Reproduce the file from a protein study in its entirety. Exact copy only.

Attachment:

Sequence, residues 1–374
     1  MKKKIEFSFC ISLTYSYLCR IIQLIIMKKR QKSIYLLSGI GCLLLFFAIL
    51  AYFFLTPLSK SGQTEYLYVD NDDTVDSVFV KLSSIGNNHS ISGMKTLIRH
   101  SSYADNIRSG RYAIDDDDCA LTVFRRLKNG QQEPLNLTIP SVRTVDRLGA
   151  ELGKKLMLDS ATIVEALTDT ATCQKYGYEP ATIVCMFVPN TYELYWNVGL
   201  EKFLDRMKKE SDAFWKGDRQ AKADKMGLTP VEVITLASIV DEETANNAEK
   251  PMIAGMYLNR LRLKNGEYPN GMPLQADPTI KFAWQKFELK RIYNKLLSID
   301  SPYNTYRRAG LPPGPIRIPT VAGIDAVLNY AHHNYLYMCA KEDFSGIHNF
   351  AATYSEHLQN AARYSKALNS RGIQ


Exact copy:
Sequence, residues 1–374
     1  MKKKIEFSFC ISLTYSYLCR IIQLIIMKKR QKSIYLLSGI GCLLLFFAIL
    51  AYFFLTPLSK SGQTEYLYVD NDDTVDSVFV KLSSIGNNHS ISGMKTLIRH
   101  SSYADNIRSG RYAIDDDDCA LTVFRRLKNG QQEPLNLTIP SVRTVDRLGA
   151  ELGKKLMLDS ATIVEALTDT ATCQKYGYEP ATIVCMFVPN TYELYWNVGL
   201  EKFLDRMKKE SDAFWKGDRQ AKADKMGLTP VEVITLASIV DEETANNAEK
   251  PMIAGMYLNR LRLKNGEYPN GMPLQADPTI KFAWQKFELK RIYNKLLSID
   301  SPYNTYRRAG LPPGPIRIPT VAGIDAVLNY AHHNYLYMCA KEDFSGIHNF
   351  AATYSEHLQN AARYSKALNS RGIQ